The delegation of lawmakers, coal industry representatives and union officials led by Senator Joe Manchin met with EPA administrator Gina McCarthy and White House legislative affairs director Miguel Rodriguez Thursday morning to lobby for more coal-friendly policies.
Manchin was the only Democrat in the Senate to vote against McCarthy's recent confirmation, stating that he did not object to her personally but to the "unreasonable and unobtainable" standards her agency would place on coal-fired power plants.
“Just days ago Ms. McCarthy asked an audience at Harvard Law School: ‘Can we stop talking about environmental regulations killing jobs, please?’ Today, I took the opportunity to tell her that West Virginians will not stop talking about our jobs—and will not stop fighting for coal,” Governor Earl Ray Tomblin said in a statement Thursday.
Tomblin added that he personally told McCarthy that hundreds of West Virginians were out of work due to EPA’s “overzealous, ideological and financially devastating policies that have led to the closure of coal mines and coal-fired power plants in our state”
He said McCarthy responded by promising to provide an open dialogue and consider the effects of policies on working men and women in West Virginia.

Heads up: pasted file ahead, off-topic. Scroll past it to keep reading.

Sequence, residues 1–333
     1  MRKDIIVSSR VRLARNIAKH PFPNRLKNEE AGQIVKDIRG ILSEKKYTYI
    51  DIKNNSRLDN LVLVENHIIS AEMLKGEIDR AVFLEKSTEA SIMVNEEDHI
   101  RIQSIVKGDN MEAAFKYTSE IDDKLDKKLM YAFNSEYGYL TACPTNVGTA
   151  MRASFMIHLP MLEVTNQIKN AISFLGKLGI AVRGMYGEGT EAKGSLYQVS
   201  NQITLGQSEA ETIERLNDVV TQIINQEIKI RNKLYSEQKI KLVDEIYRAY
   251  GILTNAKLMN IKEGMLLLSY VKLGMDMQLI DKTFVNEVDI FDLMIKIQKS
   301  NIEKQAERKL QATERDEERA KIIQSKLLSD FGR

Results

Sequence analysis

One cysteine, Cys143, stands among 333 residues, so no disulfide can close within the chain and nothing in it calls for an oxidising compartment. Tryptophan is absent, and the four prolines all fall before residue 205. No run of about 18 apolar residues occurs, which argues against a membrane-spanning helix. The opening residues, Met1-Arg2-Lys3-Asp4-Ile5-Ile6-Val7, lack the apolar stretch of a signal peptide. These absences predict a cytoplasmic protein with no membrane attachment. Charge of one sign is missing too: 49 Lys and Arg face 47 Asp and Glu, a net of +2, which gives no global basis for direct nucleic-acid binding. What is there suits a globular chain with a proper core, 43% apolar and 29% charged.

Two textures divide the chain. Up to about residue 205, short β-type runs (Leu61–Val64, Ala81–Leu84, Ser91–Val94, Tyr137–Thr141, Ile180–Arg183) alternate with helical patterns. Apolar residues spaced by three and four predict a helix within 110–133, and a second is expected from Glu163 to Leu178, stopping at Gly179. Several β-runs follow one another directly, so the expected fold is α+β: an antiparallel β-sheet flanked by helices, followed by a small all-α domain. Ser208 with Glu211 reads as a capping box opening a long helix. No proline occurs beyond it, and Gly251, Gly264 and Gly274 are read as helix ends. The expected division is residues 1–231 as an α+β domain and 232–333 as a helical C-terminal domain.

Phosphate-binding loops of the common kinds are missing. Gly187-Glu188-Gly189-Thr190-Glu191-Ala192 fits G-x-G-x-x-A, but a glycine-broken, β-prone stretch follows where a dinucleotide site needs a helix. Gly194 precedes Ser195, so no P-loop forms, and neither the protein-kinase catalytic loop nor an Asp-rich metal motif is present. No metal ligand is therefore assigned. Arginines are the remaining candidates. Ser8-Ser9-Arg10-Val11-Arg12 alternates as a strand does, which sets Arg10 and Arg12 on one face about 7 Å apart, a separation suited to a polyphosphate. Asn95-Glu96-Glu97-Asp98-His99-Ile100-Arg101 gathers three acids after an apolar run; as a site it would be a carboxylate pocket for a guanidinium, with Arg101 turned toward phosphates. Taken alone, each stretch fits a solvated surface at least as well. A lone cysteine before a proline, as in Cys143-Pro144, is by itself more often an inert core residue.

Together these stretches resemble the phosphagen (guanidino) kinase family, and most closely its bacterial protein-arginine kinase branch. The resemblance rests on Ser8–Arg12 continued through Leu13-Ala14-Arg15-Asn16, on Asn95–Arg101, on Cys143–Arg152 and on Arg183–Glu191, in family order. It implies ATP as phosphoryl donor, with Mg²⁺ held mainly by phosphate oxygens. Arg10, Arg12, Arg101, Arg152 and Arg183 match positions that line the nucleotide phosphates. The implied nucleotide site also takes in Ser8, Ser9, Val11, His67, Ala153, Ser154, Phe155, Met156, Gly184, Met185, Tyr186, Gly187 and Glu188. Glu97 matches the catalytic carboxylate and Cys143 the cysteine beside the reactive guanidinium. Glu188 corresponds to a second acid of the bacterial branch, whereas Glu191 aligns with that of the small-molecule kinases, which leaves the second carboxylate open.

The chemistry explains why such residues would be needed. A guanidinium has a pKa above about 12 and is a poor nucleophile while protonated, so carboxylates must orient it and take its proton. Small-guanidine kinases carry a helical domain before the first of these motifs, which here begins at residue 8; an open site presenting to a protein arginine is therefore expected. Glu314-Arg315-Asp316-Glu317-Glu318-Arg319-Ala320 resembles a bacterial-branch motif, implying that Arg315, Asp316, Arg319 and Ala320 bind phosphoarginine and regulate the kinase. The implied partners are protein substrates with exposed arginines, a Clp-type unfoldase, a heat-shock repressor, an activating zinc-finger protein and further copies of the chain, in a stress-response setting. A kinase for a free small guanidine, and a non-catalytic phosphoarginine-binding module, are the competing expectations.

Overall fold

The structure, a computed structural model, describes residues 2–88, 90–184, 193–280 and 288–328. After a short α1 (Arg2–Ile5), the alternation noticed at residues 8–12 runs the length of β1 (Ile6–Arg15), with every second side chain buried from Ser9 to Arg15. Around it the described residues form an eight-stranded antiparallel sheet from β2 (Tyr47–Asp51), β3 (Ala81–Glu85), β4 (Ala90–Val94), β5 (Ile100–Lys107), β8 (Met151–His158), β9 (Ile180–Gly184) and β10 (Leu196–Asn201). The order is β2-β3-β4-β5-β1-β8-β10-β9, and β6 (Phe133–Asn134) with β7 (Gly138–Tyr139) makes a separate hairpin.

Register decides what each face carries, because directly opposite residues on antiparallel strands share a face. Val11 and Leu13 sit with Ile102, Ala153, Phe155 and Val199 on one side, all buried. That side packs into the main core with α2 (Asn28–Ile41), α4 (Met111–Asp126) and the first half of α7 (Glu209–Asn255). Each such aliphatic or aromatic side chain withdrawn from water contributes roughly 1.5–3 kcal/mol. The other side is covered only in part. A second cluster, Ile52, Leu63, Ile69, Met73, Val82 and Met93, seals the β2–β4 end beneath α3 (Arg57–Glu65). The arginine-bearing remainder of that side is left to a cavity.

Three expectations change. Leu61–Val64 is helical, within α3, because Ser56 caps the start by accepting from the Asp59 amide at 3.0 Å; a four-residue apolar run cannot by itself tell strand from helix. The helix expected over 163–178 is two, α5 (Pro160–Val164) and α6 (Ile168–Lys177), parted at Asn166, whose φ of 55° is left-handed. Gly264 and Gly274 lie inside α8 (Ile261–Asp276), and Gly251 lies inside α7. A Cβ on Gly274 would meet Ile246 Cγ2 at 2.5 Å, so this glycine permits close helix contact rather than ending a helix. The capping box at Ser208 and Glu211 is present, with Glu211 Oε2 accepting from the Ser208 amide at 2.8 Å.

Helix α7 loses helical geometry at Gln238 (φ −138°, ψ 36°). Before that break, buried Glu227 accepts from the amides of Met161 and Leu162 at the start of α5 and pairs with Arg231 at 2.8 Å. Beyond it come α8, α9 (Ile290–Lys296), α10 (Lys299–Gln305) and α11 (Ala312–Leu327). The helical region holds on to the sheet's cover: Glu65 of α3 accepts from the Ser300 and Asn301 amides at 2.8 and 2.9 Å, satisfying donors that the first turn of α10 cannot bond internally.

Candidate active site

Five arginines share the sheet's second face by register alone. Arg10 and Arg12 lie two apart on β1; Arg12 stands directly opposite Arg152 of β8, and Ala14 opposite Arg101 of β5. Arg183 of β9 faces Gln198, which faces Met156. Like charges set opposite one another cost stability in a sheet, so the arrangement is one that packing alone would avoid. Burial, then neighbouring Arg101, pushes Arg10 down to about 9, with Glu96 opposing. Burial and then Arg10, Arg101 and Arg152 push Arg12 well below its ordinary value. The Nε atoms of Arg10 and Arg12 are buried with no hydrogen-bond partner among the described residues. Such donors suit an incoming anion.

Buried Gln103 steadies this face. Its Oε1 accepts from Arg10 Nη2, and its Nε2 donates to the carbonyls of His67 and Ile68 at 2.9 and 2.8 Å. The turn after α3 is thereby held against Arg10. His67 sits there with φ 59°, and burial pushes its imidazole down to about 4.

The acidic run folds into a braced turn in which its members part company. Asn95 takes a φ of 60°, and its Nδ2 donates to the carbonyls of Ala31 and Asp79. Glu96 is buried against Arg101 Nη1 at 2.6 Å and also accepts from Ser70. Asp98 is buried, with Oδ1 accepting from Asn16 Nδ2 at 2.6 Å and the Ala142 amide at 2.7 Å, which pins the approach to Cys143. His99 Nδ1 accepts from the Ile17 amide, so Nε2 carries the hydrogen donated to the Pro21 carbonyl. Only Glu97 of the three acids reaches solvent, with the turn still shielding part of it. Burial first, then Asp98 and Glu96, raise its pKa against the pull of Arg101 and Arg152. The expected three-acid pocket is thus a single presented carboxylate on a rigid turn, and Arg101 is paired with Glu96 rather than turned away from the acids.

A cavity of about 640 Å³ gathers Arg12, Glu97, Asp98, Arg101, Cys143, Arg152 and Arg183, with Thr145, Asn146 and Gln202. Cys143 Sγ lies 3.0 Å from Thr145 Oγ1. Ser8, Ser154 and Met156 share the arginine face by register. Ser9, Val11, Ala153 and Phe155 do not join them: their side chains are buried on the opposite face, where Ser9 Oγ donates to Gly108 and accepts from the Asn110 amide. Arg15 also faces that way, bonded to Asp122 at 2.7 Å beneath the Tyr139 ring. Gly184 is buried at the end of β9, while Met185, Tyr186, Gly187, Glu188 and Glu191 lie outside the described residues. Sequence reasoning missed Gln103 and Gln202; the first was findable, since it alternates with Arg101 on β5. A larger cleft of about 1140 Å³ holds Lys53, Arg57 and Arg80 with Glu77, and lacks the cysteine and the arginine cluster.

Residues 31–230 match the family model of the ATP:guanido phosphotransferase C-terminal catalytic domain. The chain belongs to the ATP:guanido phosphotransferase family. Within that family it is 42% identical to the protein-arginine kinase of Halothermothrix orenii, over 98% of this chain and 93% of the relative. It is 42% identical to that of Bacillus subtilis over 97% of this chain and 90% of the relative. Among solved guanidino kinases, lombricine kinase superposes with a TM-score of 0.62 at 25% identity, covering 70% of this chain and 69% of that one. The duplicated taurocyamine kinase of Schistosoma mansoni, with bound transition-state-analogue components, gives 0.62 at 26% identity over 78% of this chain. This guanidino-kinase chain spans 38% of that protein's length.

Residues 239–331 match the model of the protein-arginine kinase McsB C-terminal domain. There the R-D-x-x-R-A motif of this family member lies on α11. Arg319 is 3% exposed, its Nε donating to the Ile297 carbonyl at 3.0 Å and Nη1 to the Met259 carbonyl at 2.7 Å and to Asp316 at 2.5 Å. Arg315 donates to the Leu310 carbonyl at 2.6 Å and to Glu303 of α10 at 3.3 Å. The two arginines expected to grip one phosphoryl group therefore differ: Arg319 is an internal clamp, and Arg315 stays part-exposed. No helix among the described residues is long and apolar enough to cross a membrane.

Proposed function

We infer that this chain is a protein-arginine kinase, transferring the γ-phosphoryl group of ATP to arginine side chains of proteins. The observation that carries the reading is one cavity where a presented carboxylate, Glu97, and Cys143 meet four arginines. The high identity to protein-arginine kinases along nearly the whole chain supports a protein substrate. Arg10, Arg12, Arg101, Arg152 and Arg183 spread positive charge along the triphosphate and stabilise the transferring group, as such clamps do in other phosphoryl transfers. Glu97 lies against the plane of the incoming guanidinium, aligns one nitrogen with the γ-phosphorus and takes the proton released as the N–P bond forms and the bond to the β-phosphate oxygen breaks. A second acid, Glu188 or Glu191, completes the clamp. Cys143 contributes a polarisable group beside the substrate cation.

Representative Nick Rahall, who also attended the meeting, said the door needed to remain open between the state and the agency to ensure a balance between economic and environmental goals.
“I appreciate that administrator McCarthy listened to the grave concerns we voiced today concerning the detrimental effects that EPA’s regulatory actions are having on coal jobs and our economy in West Virginia,” Rahall said.
“The administrator’s comments that coal is a vital part of our energy future are a source of some encouragement.
“However, the proof will be in the pudding and our delegation made abundantly clear that there must be greater equity between environmental goals and economic needs.”
In an interview with the Washington Post, Manchin said he was particularly concerned with the EPA’s proposal to impose the first-ever greenhouse gas emissions limit of new power plants, which it is set to re-propose in September.
“We don’t have the technology to meet the standards,” he said.
“If it’s unattainable, it’s totally unreasonable.”